One evening we were getting supper. Sometimes we had wood, sometimes it was buffalo chips. This evening, a woman came to our campfire crying, "Oh, Mrs. Throe, we all are going to be murdered tonight. Indian on warpath, aren't you afraid?" I gazed at her, then mother. She said "no time to cry now, we are here. The only thing I'll pray for is if they do come, I pray they kill us all - leave no cripples to die alone without water in this hot sun, take no prisoners." "Oh, how mean you are, Mrs. Throe." I'll never forget that, but no Indians came, they killed ahead of us - also behind - never bothered our colony.
Whenever my parents were lonely and sad, father would
climb up on the wagon and start a song, mother would join in - sometimes
it would echo back across the canyon. All would join along the crowd.
They had music camplight and dancing, church too, every night the first
2 weeks, but after that all violins were put away - so was the Bible as
no church work. All too tired - glad to laydown - those that
were not there at night to stand guard had several men taking 2 hour stands,
some out among the horses feeding, bring them in the corral.
At midnight, my father took out his anvil as we stopped
Our worst enemy were horse thieves. They'd come ride down on one side of our train, then back up the other sizing up our teams. Some were worth $500 a span, others not so much. We had all horses and mules, no oxen. When we came through Baker City, Oregon they sold our last horse for $15. How we kiddies cried for Nelly, that was her name. As we came over the hills to Union, Oregon, seems to me the town was built on top of a rolling hill. Then down on through the Grand Ronde Valley, how pretty it was, so many lakes and so green. The sand ridge wasn't settled up then.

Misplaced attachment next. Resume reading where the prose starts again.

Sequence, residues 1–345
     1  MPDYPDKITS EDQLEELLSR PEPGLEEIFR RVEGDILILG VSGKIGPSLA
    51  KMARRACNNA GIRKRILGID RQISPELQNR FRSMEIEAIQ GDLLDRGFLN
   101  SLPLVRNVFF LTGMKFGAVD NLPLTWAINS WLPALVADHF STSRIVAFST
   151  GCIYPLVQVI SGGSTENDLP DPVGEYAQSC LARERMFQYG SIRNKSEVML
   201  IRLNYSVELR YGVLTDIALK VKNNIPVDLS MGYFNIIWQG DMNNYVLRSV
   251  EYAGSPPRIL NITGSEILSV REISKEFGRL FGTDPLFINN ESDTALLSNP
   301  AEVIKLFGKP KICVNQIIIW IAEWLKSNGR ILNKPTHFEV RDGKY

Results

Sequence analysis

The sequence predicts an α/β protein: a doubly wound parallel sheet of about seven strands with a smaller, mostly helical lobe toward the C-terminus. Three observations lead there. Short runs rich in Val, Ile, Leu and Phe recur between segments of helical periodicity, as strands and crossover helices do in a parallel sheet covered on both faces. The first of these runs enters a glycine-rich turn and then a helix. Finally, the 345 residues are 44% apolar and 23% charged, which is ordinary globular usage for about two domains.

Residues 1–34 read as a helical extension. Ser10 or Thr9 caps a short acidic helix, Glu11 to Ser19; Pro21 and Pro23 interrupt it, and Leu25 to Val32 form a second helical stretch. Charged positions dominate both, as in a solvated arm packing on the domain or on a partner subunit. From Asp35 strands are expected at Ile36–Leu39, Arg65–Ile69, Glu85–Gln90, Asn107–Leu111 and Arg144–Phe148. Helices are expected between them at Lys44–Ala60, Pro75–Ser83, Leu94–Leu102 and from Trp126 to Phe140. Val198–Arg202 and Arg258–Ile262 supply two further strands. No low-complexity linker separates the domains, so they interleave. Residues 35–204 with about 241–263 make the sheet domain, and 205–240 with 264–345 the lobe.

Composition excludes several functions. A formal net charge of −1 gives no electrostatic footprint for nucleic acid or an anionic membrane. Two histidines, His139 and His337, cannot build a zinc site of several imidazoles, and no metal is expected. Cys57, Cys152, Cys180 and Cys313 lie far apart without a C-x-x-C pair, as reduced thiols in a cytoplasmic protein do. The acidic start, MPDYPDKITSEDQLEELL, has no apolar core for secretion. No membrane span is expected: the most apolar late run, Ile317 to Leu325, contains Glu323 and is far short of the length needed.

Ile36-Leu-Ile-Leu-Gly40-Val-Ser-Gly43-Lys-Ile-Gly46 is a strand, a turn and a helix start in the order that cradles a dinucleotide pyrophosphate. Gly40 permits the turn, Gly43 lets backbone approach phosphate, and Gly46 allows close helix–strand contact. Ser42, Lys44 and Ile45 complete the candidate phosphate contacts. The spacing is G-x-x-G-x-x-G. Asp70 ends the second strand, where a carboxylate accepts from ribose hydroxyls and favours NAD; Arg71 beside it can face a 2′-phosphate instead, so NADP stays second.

We got to Summerville, Oregon 18 Aug 1880. How funny everything
looked to me. Put our things in one of the colony wagons with the horse
we had left - and left our wagon on the roadside with a little child's
chair. Someone had given it to me to take care of the baby with. I cried
for it, but it did no good, we had to leave it. When we got to Summerville,
my father said "this is our paradise, we
won't go any farther." He walked up the street barefooted, shoes wore off his feet. The general manager begged him to go on, said we will stop in Walla Walla, Washington for the winter, but father said no further for us.
The colony went on, stopped where they said they would.
General Manager, with his bride of a few weeks when he left the East, died
that winter and Dr. Brown also died. Their widows went East the next year.
Back to relatives that were well off to live. The other Dr. stayed in Walla
Walla. The colony broke up there. [End of Journal]
The Throe family settled in the paradise of Summerville
until 1888, when they took their belongings in a wagon and herded their
livestock to Joseph. There they filed on land that was originally
a tree farm. Clara and Hans lived the remainder of their lives on
their claim in Wallowa County. Hans' mother, Sophia Throe, came to
Summerville after her husband, Peter, died in a diphtheria epidemic back
East. She died on May 20, 1890 and was buried in the Summerville